Tracing the evolution of the popular misconception that any connection between God or any religious event is a violation of a Constitutional guarantee against mixing any evidence of religion in any state supported institution or event.
The Supreme Court rules to support an Indiana holiday
Court Backs Indiana on Good Friday
By RICHARD CARELLI
.c The Associated Press
WASHINGTON (AP) - Indiana's designation of Good Friday as a state holiday survived a Supreme Court challenge today.
The justices, without comment, allowed the state to continue giving its employees that day off, a practice begun in 1941. They rejected an appeal that said the holiday designation violates the constitutionally required separation of church and state.
Today's denial of review was not a surprise. The court in January rejected a challenge to a Maryland law that requires the annual closing of all public schools on Good Friday.
An Indiana taxpayer, Russell Bridenbaugh of Bloomington, contended that his state's practice improperly advances or promotes the Christian religion.
Good Friday, always two days before Easter, is the Christian holiday that commemorates the crucifixion of Jesus. But lower courts ruled that Indiana officials have several legitimate, non-religious reasons for treating that day as an annual holiday.
Lawyers for Bridenbaugh told the court that at least 14 other states have laws making all or part of Good Friday a legal holiday. They are California, Delaware, Florida, Hawaii, Illinois, Kentucky, Louisiana, Maryland, New Jersey, North Carolina, North Dakota, Pennsylvania, Tennessee and Wisconsin.
Some of those laws have been struck down after being challenged in court.
After Bridenbaugh sued in 1997, a federal magistrate threw out the case without a trial. A three-judge panel of the 7th U.S. Circuit Court of Appeals upheld the dismissal last July, by a 2-1 vote.
A separate panel of that same appeals court previously had struck down the Illinois law that provided for school closings on each Good Friday.
Indiana's main purpose in designating the state holiday is to provide a long spring weekend, the appeals court panel found.
``Indiana does not celebrate the religious aspects of Good Friday; for Indiana, the holiday has absolutely no religious significance. To Indiana, Good Friday is nothing but a Friday falling in the middle of the long vacationless spring - a day which employees should take off to rejuvenate themselves,'' the panel said.
The dissenting judge said the state should not be allowed to choose Good Friday as the spring holiday every year. But the two-judge majority noted that the designation gives state employees a three-day weekend ``during a time which typically involves travel, shopping, cooking and family gatherings.''
Bridenbaugh's appeal said the panel wrongly found that Good Friday has been ``secularized'' by its linkage to Easter, which for Christians commemorates Jesus' resurrection but also is associated with the Easter bunny and egg hunts.
``Good Friday is a purely religious holiday,'' the appeal contended.
The case is Bridenbaugh vs. O'Bannon, 99-812.
This story correctly shows that the Supreme Court did not buy the argument that providing a floating holiday in Indiana that coincides with Good Friday, a major Holy day in the life of all Christian churches is against the laws of the land as protected by the U.S. Constitution.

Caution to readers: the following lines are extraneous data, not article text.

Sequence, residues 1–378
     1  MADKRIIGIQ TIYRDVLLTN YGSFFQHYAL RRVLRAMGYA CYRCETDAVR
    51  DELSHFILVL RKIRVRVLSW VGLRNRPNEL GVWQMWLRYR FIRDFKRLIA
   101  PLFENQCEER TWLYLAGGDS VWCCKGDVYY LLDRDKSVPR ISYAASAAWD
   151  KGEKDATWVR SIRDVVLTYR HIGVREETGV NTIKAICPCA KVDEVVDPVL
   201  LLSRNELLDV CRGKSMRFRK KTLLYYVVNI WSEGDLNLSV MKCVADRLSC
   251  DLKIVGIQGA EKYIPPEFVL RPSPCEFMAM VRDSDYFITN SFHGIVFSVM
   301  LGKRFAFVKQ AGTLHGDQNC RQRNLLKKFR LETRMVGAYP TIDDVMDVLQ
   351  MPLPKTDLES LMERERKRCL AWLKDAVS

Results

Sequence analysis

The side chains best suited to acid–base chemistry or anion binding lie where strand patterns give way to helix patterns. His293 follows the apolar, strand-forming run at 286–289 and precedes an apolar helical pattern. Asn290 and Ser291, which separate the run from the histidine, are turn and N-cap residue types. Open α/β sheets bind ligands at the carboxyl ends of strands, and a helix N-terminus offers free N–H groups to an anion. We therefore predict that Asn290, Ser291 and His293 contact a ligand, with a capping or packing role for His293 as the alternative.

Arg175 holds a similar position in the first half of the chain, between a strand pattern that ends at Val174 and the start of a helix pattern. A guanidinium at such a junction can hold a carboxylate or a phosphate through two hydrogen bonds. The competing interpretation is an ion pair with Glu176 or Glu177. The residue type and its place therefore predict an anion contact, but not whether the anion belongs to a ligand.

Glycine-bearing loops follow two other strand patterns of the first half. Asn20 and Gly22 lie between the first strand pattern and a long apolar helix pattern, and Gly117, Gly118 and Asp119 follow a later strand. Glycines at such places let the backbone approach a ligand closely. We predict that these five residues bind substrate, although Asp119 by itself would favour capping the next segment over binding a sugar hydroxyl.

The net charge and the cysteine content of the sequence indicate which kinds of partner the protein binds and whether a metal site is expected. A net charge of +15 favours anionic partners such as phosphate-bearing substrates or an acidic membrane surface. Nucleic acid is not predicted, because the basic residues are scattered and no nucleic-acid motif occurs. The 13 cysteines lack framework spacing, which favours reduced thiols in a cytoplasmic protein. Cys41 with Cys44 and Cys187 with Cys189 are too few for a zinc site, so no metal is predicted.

What it does not show is that the Court made the right decision for the wrong reasons! Rather than listen to arguments that this holiday comes at a time when workers need a rest or a "Spring break", the Court should have allowed that yes, the context of the holiday is given to allow the majority of the U.S. citizens living in Indiana, who come from a heritage that "Under God" its citizens proclaim various forms of church related involvements that relate to a major Holy Day in the Christian religions of the world. However, because the day is not unique to any one church or branch of this heritage, it is not reasonable to conclude that permitting time off to allow workers the opportunity to participate in various religious services that relate to the name of the holiday is not a violation of the Constitutional ban against the State requiring individual involvement in any one church as the official religion. In other words, if such a day were only related to say the Roman Catholic Church, it would be something of a question to wonder if having the state pay people for holiday pay on such an occasion might be construed as favoring that particular church and that would be contrary to the Constitution. If the time off, in such case, were not compensated, one would wonder if such permission would constitute a violation. The same would hold true if time were allowed off for employees of the Muslim or Hebrew faiths who wanted similar released time for such purpose.
When you combine the heritage factor with the fact that the Good Friday event seems to also allow a three day weekend for all, regardless of any religious persuasion, then one can see no need to worry that this permission, which may cater a bit to a religious practice celebrated by a sizable part of the working population, is not equivalent to the Constitution founding father's idea that we wanted to avoid the kind of country found in England at the time of the revolution- one where only one church was allowed! Such has never been the case in the U.S., yet, zealots for purity of law, or atheists have a strong need to try to twist the Constitution to their peculiar ends.
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